There may be some reason why it's impossible to build a Pentium by randomly jiggling molecules. Maybe the universe wasn't designed to let us build computers at a molecular scale. But right now, we see no reason why it should not be possible. I think it's inevitable that tens to hundreds of billions of dollars will be spent over next two decades trying to make such things happen. Then, the world will be dramatically different. Fabrication will be a lot faster and cheaper. And the entities we make could be incorporated in your clothes. You'll have tremendous power in tiny places, and all of it made very cheaply.

Q: Can you say a little more about self-assembly?
For things to be made through self-assembly, they must be able to jiggle, rub against each other, and stick where you tell them to stick. Big old things like Pentium chips don't jiggle around. But if you can put the atoms where you want, you can engineer behavior to achieve amazing, exotic results that wouldn't be possible without control over those atoms.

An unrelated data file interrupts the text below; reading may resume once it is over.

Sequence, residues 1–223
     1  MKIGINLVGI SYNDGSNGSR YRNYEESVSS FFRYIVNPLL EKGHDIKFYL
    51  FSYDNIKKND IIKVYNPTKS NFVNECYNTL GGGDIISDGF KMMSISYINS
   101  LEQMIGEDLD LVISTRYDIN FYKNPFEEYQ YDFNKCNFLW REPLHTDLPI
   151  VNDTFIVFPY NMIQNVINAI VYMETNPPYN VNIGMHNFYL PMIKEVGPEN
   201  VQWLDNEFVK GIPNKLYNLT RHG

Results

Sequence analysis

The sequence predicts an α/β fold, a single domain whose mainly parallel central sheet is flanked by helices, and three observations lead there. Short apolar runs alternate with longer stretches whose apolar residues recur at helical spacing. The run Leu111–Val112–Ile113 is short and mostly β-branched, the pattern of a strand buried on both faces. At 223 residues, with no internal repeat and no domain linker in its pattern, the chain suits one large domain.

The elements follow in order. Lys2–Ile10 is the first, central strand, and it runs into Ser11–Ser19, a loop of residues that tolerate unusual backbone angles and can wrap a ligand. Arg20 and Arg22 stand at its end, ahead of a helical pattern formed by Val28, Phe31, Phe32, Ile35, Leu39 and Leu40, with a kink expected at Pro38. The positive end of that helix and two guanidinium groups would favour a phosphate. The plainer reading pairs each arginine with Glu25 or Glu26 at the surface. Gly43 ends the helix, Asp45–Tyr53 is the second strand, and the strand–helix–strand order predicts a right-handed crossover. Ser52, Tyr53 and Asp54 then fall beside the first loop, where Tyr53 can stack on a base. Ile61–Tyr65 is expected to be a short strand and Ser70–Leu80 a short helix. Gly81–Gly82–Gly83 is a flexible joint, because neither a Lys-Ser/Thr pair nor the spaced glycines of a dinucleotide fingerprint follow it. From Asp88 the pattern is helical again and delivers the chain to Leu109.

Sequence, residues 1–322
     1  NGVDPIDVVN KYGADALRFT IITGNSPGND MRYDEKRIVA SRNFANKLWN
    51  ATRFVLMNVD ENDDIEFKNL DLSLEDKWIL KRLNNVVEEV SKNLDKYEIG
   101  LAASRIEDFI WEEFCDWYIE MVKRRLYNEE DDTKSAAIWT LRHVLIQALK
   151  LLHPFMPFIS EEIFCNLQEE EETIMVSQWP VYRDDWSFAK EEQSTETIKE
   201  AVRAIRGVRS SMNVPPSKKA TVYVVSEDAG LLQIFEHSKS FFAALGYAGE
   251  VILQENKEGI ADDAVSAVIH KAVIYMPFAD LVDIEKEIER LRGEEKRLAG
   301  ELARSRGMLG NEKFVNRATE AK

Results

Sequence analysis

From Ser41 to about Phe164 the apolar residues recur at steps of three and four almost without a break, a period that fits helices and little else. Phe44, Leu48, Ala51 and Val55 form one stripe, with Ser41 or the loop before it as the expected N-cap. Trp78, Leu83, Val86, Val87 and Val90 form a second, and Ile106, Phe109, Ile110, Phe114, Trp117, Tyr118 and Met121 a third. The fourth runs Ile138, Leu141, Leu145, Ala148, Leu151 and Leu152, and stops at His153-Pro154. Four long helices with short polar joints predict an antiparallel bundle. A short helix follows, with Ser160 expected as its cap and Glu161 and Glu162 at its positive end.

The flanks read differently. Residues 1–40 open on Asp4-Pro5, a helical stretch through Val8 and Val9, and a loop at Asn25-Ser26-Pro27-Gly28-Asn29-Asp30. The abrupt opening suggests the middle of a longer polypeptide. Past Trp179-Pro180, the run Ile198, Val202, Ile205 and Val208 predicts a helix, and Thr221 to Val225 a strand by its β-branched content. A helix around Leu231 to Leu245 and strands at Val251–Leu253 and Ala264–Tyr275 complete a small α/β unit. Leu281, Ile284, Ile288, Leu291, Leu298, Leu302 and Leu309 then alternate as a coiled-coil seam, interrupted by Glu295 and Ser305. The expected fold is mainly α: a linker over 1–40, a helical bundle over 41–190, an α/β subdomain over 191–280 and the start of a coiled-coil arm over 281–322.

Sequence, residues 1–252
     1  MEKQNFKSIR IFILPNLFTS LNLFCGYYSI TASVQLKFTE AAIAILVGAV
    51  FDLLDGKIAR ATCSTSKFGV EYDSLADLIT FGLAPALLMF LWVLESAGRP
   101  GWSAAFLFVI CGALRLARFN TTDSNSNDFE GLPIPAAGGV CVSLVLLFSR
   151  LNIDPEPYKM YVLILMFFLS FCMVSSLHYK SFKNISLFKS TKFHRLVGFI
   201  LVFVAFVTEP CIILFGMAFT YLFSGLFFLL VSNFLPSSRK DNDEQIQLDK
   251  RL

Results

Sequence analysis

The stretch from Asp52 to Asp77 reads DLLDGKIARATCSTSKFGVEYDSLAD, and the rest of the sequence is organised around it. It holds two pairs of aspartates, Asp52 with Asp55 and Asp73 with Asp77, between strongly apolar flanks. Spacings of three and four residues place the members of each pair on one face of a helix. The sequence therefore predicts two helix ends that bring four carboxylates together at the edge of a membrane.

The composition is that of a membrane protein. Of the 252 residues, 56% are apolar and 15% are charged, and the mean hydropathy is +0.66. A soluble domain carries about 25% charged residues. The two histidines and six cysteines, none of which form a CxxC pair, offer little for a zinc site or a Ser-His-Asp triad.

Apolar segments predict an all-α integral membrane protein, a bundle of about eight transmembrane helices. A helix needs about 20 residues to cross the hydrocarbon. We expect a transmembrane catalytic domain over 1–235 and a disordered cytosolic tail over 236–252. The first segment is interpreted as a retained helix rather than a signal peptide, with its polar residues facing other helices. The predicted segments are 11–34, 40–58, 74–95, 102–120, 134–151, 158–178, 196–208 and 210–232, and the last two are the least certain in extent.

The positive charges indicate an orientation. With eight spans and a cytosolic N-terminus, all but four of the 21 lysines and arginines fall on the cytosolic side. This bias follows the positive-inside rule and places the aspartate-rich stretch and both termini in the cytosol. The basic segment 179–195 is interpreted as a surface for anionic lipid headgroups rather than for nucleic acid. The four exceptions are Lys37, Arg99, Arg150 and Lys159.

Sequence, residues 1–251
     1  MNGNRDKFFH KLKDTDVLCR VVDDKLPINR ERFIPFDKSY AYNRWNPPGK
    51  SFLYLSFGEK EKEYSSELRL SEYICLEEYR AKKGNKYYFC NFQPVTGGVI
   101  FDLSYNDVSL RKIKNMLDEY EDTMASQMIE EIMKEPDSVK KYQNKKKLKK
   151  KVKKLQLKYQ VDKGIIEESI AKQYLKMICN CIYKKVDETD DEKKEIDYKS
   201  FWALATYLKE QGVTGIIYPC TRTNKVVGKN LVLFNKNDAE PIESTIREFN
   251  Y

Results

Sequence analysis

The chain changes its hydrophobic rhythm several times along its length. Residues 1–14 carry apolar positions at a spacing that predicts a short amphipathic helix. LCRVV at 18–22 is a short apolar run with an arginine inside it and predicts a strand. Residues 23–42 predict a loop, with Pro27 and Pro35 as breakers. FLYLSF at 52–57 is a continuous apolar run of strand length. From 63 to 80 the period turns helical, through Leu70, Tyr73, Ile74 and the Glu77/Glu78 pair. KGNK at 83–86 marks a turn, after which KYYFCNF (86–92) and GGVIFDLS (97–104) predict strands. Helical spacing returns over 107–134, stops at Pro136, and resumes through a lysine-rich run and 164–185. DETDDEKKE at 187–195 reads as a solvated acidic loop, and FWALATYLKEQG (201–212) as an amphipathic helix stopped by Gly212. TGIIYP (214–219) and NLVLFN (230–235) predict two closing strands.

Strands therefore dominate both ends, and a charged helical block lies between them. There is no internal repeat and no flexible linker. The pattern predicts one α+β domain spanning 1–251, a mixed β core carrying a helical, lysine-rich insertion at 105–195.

With buckytubes, you have incredible strength, perhaps 100 times that of steel, and conductivity better than copper. That's inherent in the carbon atoms you stick together in just this way. If nature had to build a living cell, with macroscopic globs of glue, it would never work. Nature -- how, we don't know -- has technology that works in every living cell, and that depends on every atom being precisely in the right spot. Enzymes are precise down to the last atom. They're molecules. You put the last atom in, and it's done. Nature does things with moleculer perfection.

Could we train bacteria to make buckytubes? We'd dearly like to. But there may be some fundamental reason why no organism that lives in water will ever be able to make a buckytube. These buckytubes are creatures of the dry world -- the world that nature has not managed to access so far by random evolution. Maybe we are nature's way of making buckytubes.

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Updated Aug. 13, 1998 by bwwebmaster